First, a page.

Visitors to the Elmwood shopping district on College Avenue may have spotted something a little unusual recently.
While Berkeleyans are no strangers to pop-up street art — be it yarnbombed lamposts or front yard sculpture — the heads that have appeared on defunct parking meter posts there are particularly striking. Reminiscent of heads on a stake, with some vaguely sacrificial undertones perhaps?
The heads, which are made of cement and ceramic, are the work of artist Lynne-Rachel Altman who lives in the Elmwood and has a studio in East Oakland.
The idea sprang from a conversation Altman had a few months ago with her 14-year old daughter who complained that she couldn’t find a place to park her bike on College Avenue because they had removed the parking meter heads when they installed the new parking machines.
“My family joked about reinstalling new heads,” says Altman. “I had been sculpting heads for my sintered glass “empty head” series and decided that I would use my skills to make a few heads for my daughter and her friends to lock their bikes on. I wanted the work to bring joy to people who saw them, as well as to provide a safe place to park a bike.”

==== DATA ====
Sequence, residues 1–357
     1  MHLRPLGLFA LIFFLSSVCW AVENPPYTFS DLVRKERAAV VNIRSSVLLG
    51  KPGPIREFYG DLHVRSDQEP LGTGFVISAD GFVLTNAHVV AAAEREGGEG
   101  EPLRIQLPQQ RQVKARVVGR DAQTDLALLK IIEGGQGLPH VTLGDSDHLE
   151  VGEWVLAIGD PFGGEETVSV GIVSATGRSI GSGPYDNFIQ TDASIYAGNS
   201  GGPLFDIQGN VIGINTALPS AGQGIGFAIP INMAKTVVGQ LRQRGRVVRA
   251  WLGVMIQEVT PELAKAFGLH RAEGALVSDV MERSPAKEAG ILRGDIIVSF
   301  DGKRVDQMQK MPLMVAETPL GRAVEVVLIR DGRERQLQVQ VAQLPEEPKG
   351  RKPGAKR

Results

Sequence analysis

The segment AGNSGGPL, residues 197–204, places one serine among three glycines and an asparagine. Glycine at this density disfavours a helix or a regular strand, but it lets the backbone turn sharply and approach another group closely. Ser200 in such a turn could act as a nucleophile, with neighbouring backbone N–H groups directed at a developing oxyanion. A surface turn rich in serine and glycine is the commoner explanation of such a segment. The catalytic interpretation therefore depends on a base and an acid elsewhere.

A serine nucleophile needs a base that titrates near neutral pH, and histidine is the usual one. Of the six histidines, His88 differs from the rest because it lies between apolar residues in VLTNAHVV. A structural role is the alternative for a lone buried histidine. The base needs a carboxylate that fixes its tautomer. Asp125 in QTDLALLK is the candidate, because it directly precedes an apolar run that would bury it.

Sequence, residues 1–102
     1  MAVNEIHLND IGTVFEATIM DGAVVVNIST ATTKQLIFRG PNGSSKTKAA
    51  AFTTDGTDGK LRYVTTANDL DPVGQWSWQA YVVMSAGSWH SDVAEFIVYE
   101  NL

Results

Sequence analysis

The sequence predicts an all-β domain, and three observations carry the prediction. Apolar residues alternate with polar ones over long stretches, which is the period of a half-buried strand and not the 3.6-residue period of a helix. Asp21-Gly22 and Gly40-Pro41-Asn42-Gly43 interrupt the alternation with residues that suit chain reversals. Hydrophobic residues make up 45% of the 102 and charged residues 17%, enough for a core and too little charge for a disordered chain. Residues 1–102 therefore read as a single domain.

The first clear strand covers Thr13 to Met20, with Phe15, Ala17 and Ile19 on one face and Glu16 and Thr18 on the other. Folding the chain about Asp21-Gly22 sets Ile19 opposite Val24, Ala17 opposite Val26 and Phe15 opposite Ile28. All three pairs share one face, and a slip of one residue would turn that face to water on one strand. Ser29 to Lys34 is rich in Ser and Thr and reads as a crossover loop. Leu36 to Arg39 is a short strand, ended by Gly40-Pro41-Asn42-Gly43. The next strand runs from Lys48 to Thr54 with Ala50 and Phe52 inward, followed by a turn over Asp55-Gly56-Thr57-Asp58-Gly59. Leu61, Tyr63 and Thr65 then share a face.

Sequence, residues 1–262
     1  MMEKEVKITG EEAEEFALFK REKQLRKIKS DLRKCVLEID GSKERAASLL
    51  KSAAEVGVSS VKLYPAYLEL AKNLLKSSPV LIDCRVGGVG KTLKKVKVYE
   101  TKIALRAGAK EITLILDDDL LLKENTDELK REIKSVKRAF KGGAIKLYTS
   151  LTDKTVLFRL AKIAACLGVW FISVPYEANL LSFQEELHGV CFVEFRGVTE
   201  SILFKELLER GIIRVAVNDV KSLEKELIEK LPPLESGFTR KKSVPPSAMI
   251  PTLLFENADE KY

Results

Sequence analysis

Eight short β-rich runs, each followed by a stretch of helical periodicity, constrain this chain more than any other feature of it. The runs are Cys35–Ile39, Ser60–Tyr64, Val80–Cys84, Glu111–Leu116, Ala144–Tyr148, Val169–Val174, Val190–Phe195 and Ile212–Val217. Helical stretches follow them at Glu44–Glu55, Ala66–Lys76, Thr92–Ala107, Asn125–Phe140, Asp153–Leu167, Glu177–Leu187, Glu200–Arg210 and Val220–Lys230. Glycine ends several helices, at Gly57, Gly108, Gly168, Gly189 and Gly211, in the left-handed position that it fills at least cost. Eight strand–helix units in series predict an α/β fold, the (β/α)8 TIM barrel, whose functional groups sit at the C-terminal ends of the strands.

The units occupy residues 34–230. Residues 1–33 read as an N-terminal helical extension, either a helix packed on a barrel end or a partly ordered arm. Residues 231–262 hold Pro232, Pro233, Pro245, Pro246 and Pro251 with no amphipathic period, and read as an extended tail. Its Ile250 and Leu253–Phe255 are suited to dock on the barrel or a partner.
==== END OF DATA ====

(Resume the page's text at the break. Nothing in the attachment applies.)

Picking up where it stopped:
Altman made two cement, and two ceramic heads in her studio. Because she didn’t receive any funds for the project, she primarily used materials she already had on hand. And she incorporated bike parts and imagery so people would know they were for bikes. Altman installed the cement ones a few weeks ago and the ceramic ones last weekend.
Not all the heads have survived. Earlier this week someone ripped the ceramic “reflector head” off from its pole, but Altman plans to make more soon.
“Ideally, I would like to receive funding and some institutional support so I can make them out of metal and weld them to the steel posts,” she says. “In the meantime, I am doing what I can to provide additional bike parking and add some joy to the streetscape.”
Altman was one of the artists who applied to create a piece of public art for the remodeled Claremont Branch library. She was not selected, but sees the head installations as going some way to making up for that letdown.
“I was particularly interested in the library project because I grew up in the Elmwood and am now raising my own family here as well. The process of applying for the library project was disappointing, but it made me eager to create something special for my neighborhood.”